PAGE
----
Charging instead of screeching to a halt threw the opposition forces off their game. Just for a second, but that’s all I needed. You think that’s a light show? My thumb found the button, activated the Dazzler, and the bushwhackers were blinded in truth. That’s a light show! Judging by the muzzle flashes, several of them opened up…but not on us. Might have shot each other a bit for all I could tell; it’s not easy aiming any weapon when you’ve been Dazzled. And then we slammed through, leaving the burning Ford F-150 spinning in the road behind us…well, spinning over to the parking area side and off the road, actually.
“Stop!” I didn’t mean to yell, but yeah, maybe I did raise my voice a little. Adrenaline can do that to a fellow. Jack slammed on the brakes, we screeched to a halt, and I rolled out, snagging the RPG launcher from the back seat as I did so. Eighty yards, perfect range. My first grenade hit the blazing Ford dead center, sending red hot pieces of sheet metal shrapnel flying in all directions. There were screams, I think, but I wasn’t listening. Jack was there, passing me the loaded spare. Mercy was not in me; we were at war with these people. My second grenade, deliberately aimed at what was left of the engine block, took them all out on the parking area side. Jack had already reloaded the first weapon. We traded, and my third grenade zeroed in on a granite boulder sitting conveniently beside the road on the uphill side. I was pretty sure the granite pieces multiplied the grenade’s effect even better than the engine block’s aluminum had done.
After that, there was no movement, the only sounds the crackling of flames, the burbling of water running downhill, the throaty purr of the idling Pontiac…and my own breathing. Jack got out his night vision binoculars and began studying the dead zone while I returned the weapons to the trunk and retrieved a can of white gloss enamel. The spray paint wouldn’t match the Pontiac’s gleaming exterior perfectly–it never did–but it would cover the scratches in the hand crafted titanium body well enough that no casual observer would notice.
Once we were rolling again, I asked Jack, “Seven?”
“Eight,” he replied. “Two on the high side, six on the river side.”
“As doornails, or will be. One of those on the river side was still twitching a little, but his right leg was blown clean off. He should be bled out by about now.”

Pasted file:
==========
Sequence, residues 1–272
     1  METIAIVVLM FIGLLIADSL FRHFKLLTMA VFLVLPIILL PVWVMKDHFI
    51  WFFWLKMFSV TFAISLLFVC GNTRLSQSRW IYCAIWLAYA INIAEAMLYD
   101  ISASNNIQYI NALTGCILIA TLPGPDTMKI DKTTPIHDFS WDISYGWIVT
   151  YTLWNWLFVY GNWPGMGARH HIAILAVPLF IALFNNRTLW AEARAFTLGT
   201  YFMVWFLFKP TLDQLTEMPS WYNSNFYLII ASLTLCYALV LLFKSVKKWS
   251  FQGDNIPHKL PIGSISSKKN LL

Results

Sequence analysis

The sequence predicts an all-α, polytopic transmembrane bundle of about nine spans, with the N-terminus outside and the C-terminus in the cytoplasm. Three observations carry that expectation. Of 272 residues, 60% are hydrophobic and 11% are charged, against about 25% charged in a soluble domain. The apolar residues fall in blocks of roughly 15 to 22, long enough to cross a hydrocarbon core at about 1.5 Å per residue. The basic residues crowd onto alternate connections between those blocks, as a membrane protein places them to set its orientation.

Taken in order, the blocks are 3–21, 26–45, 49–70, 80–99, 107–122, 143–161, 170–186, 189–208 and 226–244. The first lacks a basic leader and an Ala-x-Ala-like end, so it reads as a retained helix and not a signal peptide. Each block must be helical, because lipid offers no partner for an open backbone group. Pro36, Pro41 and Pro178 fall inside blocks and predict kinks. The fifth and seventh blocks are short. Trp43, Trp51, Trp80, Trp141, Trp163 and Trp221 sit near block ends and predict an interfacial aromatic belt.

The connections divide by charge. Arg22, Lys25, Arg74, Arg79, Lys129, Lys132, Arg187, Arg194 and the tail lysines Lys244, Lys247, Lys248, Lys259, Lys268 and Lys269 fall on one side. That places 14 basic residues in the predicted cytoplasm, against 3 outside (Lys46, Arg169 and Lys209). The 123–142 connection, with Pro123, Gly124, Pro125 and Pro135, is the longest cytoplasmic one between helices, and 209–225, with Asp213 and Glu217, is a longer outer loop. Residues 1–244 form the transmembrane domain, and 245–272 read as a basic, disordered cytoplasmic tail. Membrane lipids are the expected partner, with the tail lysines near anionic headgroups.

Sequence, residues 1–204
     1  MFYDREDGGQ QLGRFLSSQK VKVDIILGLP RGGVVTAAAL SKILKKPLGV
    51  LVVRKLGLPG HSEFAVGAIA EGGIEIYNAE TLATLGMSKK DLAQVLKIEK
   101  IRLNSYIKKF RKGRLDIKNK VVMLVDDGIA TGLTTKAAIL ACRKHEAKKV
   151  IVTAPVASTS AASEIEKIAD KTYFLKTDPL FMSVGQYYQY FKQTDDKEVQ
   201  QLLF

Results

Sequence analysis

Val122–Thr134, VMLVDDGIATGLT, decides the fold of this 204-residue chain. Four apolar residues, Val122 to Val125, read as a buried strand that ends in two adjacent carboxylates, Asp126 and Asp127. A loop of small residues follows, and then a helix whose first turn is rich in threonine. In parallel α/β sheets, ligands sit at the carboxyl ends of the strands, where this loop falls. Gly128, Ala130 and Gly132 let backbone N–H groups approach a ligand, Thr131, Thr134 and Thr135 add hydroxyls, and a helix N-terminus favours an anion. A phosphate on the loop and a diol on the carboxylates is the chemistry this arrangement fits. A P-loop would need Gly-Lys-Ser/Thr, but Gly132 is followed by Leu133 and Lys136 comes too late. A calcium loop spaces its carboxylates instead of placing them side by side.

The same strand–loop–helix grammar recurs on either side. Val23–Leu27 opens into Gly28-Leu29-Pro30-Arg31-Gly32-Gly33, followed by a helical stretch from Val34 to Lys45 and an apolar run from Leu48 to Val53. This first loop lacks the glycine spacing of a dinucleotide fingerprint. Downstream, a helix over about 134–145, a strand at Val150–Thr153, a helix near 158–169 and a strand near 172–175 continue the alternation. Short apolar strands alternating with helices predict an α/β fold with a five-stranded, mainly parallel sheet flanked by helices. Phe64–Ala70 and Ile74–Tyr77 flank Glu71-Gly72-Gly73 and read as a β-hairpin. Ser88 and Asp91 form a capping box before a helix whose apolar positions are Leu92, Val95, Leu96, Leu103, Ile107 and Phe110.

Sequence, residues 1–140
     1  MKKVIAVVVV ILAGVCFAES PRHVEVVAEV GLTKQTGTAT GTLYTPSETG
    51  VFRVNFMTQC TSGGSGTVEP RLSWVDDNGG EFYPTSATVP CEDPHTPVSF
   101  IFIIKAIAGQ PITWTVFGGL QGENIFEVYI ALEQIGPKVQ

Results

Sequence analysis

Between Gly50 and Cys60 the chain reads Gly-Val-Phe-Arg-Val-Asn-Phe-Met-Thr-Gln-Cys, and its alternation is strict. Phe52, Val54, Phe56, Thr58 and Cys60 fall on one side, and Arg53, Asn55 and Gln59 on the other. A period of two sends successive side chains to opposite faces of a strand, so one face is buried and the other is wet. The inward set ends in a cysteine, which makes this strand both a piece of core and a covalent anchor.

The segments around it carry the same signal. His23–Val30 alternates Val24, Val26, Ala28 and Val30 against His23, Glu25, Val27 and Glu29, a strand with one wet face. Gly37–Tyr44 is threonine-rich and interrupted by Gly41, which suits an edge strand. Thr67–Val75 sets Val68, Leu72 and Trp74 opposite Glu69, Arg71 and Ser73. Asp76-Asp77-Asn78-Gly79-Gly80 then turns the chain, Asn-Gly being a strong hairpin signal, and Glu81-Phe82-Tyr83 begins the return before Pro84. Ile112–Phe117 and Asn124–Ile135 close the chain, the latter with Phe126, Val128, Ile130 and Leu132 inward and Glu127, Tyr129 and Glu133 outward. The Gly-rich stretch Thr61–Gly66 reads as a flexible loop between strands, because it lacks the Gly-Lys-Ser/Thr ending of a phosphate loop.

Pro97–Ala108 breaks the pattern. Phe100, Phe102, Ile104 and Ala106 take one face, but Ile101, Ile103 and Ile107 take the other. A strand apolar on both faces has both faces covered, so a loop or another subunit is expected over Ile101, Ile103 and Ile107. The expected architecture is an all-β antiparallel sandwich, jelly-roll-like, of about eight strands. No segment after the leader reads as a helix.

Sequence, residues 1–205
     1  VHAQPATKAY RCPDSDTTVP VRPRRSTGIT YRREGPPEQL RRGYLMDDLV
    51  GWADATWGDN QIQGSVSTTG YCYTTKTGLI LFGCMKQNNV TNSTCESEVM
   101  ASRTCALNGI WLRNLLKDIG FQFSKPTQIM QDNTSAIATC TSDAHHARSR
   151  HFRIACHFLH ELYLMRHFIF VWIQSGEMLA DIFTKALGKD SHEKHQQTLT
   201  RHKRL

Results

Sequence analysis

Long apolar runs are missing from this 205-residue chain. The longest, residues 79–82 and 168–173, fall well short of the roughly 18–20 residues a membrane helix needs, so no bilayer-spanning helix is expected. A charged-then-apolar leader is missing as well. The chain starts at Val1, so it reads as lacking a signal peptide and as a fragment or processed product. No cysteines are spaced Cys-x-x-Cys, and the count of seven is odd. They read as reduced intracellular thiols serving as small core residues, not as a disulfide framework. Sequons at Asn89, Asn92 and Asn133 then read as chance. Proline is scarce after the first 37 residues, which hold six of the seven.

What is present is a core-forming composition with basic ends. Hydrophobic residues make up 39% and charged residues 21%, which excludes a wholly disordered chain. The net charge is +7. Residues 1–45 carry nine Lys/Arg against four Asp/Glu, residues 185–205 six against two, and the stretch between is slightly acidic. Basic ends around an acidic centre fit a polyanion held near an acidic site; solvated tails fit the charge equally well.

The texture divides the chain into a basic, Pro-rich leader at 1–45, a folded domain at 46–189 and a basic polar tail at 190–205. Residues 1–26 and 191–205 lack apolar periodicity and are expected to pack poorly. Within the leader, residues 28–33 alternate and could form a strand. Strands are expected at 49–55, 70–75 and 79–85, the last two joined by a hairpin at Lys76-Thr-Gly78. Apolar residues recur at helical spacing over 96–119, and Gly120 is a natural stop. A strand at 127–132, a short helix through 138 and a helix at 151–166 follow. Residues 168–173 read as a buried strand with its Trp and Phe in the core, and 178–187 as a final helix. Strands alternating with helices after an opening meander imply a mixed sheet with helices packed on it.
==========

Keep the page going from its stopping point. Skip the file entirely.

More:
There wasn’t anything more to say, so I shut up and started thinking. This ambush hadn’t been as poorly done as the Deer Lodge thing at Larry’s old clinic, but it didn’t smell right, either. What was really happening here? Was Kraznick losing it? Or…now there was an idea to give a fellow chills. Had he gotten smart and simply posted a bounty? It might be a tad risky, doing something like that, but definitely not out of the question.
We didn’t stop at Bonner after all, needing to get on I-90 before the first responders started showing up. It was a close thing; Jack barely had the Grand Prix’s speed up to sixty-five on the Interstate before we heard the first sirens and saw the first flashing lights. They wouldn’t even notice us, just another old white car with a luggage rack on top in the middle of tourist season, heading into Missoula. Helicopters worried us more, so I was plenty relieved when the first such passed overhead; some minutes had passed since we’d hit the Interstate, and we were already parked in the most inconspicuous spot the truck stop at East Missoula had to offer. Area truck stops seldom attracted much attention, one exception being the 35,000 pounds of rotting chickens abandoned in a semi trailer in September of 2014.
Not caring to raise any chicken stink, we waited until the chopper sounds had faded into the distance before getting out to refill the trunk with the empty RPG launchers, half a dozen unused grenades, and a matched pair of .30 caliber M1A1 carbines.
Then I took the wheel and we rolled out again. False dawn was coming by the time we made it to the truck stop nine miles west of Missoula, which fed well and would position us nicely to be coming in from the west, not the east, by the time the authorities figured out they needed to call in the FBI and BATFE on this one.
“At least,” I spoke cheerfully, “we didn’t leave any DNA handy for them to find.”
“No,” Jack agreed, “and what paint scraped off the car should be fried up pretty crispy.” Neither of us mentioned drones; the luggage rack would take care of fooling anyone who might have spotted our car in the canyon. Plus…I started chuckling.
“Something hit your funny bone?”